The Kotler-Kauffman Family of Virginia Says Yes
“They weren’t learning. They were sad. They felt isolated. It was just crazy.”
That’s Jena Kotler speaking about her two boys, ten-year-old Jonah Kauffman and eight-year-old Noah. When the pandemic forced public schools into virtual at-home learning, the family knew it wasn’t the best available solution for the two boys. They began exploring options, including private school.
Making the Decision to Switch to Private School
Even though it meant taking out a loan for the private school tuition, the family enrolled Jonah and Noah in Westminster School in Annandale, Virginia. For the family, the decision was an easy one. The financial commitment was not a deterrent when they considered the potential damage of their sons losing an entire year of education.
Committing to a Private Education
For the Kauffmans, they know their two boys will continue at Westminster when the new school year begins. This is, in large part, because of the concrete results they’ve seen.
“So, for English, my final average was a ninety-four, A. And for history my final average was a ninety-six, A,” says Jonah of his fourth-grade report card from Westminster School. “Quarter four, it was really good. Those were probably my best grades out of the whole year.”
Beyond the boys’ academic success, there was another significant factor in the decision to stay at Westminster: uncertainty about the public school’s ability or plans to make up for any learning lost during virtual schooling.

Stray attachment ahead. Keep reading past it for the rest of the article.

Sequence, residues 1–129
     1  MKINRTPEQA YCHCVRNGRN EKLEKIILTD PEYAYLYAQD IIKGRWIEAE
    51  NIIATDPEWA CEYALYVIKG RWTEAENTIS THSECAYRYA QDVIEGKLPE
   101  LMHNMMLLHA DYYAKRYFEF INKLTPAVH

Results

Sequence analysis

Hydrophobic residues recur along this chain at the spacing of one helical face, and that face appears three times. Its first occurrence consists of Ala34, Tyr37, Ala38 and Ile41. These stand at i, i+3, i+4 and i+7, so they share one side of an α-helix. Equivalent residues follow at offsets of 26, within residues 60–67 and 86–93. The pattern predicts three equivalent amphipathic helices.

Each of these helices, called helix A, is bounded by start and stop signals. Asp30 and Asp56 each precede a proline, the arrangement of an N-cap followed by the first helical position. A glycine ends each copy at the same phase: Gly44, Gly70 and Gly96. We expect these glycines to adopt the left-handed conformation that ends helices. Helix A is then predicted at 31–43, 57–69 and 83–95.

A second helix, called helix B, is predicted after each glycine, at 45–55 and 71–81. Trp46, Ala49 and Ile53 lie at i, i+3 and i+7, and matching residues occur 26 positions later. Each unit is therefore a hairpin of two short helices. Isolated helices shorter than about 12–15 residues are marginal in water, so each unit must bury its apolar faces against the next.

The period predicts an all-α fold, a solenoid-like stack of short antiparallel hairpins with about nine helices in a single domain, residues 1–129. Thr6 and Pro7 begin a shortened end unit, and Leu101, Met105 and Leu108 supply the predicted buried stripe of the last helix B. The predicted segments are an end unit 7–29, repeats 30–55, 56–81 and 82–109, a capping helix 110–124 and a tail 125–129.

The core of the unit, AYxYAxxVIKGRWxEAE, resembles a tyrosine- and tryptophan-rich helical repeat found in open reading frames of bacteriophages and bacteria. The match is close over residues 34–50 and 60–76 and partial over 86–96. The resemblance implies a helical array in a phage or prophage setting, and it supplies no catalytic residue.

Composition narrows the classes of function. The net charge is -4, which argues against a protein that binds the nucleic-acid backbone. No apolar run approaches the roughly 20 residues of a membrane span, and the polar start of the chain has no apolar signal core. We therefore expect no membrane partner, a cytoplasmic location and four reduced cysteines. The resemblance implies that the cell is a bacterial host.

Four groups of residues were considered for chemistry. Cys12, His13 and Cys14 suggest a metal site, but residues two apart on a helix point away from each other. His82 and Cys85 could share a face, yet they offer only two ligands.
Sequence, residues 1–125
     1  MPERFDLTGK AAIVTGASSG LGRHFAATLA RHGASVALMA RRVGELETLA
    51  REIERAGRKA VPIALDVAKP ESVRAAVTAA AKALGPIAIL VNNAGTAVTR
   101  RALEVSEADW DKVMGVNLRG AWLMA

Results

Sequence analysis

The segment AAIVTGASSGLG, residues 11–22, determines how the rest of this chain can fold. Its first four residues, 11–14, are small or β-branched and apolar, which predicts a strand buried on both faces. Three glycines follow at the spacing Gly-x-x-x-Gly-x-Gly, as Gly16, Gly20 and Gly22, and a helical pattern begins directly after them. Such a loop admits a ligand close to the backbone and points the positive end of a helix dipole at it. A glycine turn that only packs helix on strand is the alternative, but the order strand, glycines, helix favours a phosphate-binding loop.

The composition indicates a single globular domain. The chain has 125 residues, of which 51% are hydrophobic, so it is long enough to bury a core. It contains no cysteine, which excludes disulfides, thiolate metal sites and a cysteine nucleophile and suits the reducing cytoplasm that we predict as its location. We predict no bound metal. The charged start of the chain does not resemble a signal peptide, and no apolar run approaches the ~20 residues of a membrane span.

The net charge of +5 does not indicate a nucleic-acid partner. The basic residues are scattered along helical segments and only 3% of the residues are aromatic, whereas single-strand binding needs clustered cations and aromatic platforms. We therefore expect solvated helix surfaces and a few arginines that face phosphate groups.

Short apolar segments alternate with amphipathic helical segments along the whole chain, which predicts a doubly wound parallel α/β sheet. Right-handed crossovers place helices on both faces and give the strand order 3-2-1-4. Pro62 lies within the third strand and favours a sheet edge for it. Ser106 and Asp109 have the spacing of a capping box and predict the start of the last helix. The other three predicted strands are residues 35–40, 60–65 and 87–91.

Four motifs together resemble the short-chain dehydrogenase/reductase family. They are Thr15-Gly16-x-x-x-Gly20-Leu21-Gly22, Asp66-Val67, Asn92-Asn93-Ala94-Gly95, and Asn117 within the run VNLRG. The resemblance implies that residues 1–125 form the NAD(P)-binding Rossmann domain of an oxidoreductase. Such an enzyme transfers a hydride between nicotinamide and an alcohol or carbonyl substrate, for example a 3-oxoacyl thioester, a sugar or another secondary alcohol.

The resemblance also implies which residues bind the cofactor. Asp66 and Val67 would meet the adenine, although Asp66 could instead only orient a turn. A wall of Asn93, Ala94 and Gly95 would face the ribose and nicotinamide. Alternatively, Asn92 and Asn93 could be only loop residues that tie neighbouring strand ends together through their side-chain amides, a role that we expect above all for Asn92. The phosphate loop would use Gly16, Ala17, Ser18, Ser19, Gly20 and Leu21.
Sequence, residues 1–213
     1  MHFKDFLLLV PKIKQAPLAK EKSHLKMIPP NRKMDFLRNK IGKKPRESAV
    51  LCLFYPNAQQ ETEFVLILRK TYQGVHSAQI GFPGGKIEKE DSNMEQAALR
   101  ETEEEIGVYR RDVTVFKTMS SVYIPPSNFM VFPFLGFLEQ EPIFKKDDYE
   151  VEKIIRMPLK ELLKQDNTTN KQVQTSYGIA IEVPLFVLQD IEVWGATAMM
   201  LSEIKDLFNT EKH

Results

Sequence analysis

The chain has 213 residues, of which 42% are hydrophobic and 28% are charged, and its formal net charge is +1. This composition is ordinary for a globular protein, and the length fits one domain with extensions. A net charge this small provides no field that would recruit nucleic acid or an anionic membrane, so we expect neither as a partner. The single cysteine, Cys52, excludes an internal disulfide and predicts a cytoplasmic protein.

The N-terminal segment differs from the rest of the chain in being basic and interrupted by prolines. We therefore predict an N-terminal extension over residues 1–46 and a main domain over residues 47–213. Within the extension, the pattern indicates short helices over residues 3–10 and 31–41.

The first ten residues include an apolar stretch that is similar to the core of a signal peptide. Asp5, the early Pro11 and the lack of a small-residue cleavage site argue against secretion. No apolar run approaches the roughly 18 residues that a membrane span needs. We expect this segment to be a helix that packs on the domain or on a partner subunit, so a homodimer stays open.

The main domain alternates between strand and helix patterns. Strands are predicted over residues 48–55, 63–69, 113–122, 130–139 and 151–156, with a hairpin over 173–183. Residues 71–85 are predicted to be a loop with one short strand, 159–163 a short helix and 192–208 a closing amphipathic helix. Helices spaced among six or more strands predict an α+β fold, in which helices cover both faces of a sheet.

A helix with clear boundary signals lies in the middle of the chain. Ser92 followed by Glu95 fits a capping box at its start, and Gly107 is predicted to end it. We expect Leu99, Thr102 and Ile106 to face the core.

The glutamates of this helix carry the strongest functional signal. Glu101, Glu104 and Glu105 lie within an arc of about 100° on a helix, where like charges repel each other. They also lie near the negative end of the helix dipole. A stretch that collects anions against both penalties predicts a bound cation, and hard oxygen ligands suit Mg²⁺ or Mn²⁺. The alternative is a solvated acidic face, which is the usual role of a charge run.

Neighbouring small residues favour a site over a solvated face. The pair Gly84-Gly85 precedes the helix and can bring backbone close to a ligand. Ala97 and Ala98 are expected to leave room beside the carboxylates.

According to this year-end assessment from the National PTA, the Kauffmans are far from the only parents who have these concerns. In that survey, it found only 51 percent of parents are extremely or very confident their children will be prepared for the next year. Additionally, 63 percent feel their children are either quite a bit or a little behind from where they would be in a normal school year.
When it comes to making up this educational gap, Kotler (and many parents like her) are not confident the public school system is equipped or ready to provide everything children returning for the 2021–2022 school year need.
“I think we need to get it right, and I’m not confident we’re getting it right,” Kotler says. “It’s not fair, and it’s not right, and we’re letting our kids down.”
For more insight into the differences between public and private school, especially during challenging times like this, check out this article regarding the benefits of a private school, as well as some high-level differences between public and private schools.
Concerned about Your Child’s Upcoming School Options?
If you, like many other parents, have concerns about your child’s education this school year, know that you have other options. Whether you’re apprehensive about the public school system or you’re dissatisfied with your child’s current private school, explore all the educational possibilities.
Where should you start? Schedule your no-obligation virtual tour with Westminster today. See if, like the Kauffman-Kotler family, you decide Westminster is the best fit for your child’s educational path.
Questions? Concerns? Don’t hesitate to reach out!